Max:   Actually seeing Seurat’s (Georges Seurat, Father of Pointillism 1859 – 1891) work on Sesame Street as a child always fascinated me.  I became a fan of Chuck Close only after I started making my own large scale pointillist portraits, I’ve been accused of being too similar to his work yet I did not even know about his work…I’d say they are pretty different if you examine them anyway.  Of course now that I’m part of this group (Fine Art America’s Pointillism Art Group I’ve really enjoyed the work here including yours Denise.

Denise:  Thanks Max!  The group does include some incredible artists and it’s amazing to see the diversity of styles.   I’m curious, what was your motivation for “Teresa in Prayer”?   When was it created?  Do you have other portraits of Mother Teresa?

Max:   Mother Teresa was my choice to represent “Good” in my friend’s Good and Evil Art Exhibition.  He asked if I would paint Hitler for “Evil” and so I chose to paint his baby portrait, which took 3 months to complete.  Mother Teresa was the person who I figured best represented “Good,” as her life of loving and giving of herself is the stuff of legend…so that’s how this piece came about in the year 2000.  This is my only piece of her and was first printed in a limited run of 200 which have all since sold.

Denise:  I’m not surprised with your sales success.   It’s obviously a piece that many people are attracted to on several levels.   What intrigued you about her face as you were creating her likeness?  Were there challenges in this portrait?

Max:   I was excited to do this piece as soon as I found the photo which was on the cover of a children’s book I found in the library.  Her expression, wrinkles, hands, and feeling just had that right mixture, plus the light/dark contrast was perfect.  I’ll look through hundreds of photos before I pick the right one to use, then I’ll spend lots of time deciding on my crop to capture the essence of my subject.  The challenging part to this piece was that my dots were all pretty big so I had to figure out how to convey detail without having small dots.  This was actually good practice for my MLK piece which had even larger dots.  So you have to figure out how to do more with less at times.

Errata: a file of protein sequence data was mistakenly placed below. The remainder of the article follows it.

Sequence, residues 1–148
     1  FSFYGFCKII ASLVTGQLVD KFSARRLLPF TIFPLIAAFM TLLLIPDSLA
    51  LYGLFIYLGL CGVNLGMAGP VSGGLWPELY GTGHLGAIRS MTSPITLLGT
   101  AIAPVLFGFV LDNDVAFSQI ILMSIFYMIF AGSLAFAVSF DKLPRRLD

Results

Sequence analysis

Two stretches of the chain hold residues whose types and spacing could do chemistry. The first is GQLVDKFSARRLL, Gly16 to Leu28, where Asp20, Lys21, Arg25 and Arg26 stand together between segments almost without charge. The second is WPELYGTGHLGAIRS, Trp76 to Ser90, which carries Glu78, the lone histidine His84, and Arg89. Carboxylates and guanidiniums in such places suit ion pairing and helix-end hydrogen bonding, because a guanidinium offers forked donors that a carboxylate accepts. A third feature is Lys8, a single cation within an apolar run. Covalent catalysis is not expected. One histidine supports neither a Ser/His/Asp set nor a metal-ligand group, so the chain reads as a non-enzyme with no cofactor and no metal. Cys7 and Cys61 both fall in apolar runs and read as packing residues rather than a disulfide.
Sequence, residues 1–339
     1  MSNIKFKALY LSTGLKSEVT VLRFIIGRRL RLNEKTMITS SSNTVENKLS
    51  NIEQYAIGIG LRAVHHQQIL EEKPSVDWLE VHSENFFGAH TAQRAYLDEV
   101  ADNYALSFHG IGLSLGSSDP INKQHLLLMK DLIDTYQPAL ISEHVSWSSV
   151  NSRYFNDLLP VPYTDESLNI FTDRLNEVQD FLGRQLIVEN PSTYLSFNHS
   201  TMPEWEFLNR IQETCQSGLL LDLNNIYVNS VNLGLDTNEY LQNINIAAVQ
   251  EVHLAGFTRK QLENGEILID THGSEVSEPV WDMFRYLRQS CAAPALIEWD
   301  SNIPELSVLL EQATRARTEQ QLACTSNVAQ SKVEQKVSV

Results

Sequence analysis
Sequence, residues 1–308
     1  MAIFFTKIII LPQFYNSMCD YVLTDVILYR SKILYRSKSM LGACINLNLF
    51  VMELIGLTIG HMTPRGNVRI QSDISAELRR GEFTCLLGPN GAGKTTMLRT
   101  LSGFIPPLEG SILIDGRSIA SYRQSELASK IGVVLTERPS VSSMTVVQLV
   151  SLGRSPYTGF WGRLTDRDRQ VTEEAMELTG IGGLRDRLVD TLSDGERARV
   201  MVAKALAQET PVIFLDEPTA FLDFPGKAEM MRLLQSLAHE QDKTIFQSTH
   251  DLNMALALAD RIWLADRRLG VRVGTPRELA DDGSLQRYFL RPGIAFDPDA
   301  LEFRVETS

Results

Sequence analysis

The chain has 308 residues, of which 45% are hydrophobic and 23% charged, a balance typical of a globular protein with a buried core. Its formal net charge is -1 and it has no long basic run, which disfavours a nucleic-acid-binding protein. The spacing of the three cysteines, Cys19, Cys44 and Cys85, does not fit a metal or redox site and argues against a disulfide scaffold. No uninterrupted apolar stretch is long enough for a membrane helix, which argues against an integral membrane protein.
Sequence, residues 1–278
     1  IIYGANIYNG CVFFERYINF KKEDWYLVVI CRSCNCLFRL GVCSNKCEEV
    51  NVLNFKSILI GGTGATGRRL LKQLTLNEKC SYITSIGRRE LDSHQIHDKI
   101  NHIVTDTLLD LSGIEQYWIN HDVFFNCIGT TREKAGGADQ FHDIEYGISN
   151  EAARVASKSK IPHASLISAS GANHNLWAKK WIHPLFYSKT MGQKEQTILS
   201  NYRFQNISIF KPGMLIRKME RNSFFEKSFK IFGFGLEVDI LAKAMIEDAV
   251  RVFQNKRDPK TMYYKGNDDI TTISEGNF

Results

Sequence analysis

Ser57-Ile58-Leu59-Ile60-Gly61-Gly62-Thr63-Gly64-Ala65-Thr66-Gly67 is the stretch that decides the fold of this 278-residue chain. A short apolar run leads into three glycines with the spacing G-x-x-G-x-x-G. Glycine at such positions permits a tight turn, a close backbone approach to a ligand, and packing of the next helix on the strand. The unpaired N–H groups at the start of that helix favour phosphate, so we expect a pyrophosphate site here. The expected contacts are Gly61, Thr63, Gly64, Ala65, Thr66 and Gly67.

Denise:   Did you discover any nuances of pointillism portraiture while creating this piece?

Max:   I discovered that you can create a different effect depending on whether you use black dots on white background or white dots on a black background.  Of course adding color would create a whole new set of variables.  There is a little blue in the piece up in her headband that I wanted as a subtle indicator of who she was if a person could not figure it out and also as a reminder of spirit, which is often represented by blue.

Denise:   Is the original art piece available for purchase?  And if it is, where?

Max:  The original could be for sale if the offer was right.  I’ve been offered 2K yet refused.  If it went somewhere where it would be on display for lots of people such as a busy museum I’d be more inclined to sell it or lend it, otherwise I’ll probably keep it for a while yet and just sell prints.

Denise:  Have you ever seen Mother Teresa in person?

Max:   I never did see her in person.

Denise:   You entered several pieces of artwork in the FAA contest, of which all received great numbers of votes.  Is this a typical reaction to your artwork?   Were you surprised by your win?

Max:   I’m thankful to say that in person, the response to my work is usually sincere appreciation or at least it feels like that to me.  The originals are up to 6 feet by 7 feet and glowing under a black light and it is a big response or reaction that I’m going for.  I’ve often been alone and just stared at my own pieces for long periods and it feels great to have the work touch other people in the same way.  What I tend to go for in creating a large work is to have someone enter the room and have the painting grab their eyes and attention to where they will not want to look away for some time.  This is part of the job of the artist, to create a visually sticky piece, to capture the viewer’s eye, then the subject and meaning of the piece will have a much better chance to be communicated or felt.  I am surprised that all the pieces would do that well especially with all the great work by other artists, and considering that they are much reduced in size when compared to seeing the large originals.  All I can say is thanks to everyone who voted for them.

Denise:   You obviously enjoy portraiture?  Is that your main focus with pointillism or do you do other subjects, themes, etc?

Max:   I enjoy highlighting people who have inspired me and others, and find that pointillism is a great way to do express that.  Certain people and their ideas/accomplishments should be remembered and revered more than others.  For instance, I am a fan of people who create or who live with real courage and I am a distinct non fan of those who hate and destroy, especially on a large scale. So those who love on a large scale, if appreciated more, can inspire and remind us all of what it means to be a true champion in life.  I have some new ways to use pointillism in my mind so we’ll just have to see…

Denise:   Where do you display and/or sell your art other than Fine Art America?

Max:   I’ve had showings at coffee shops, night clubs, pool tournaments, book stores, and even the Kennedy Center in Washington D.C.  Right now 4 of my big works are on display at the Vanguard Nightclub in Hollywood, CA.  I’m currently looking for a nice venue for the next big show or permanent exhibition.  I’ll be putting my stuff up on my site as well at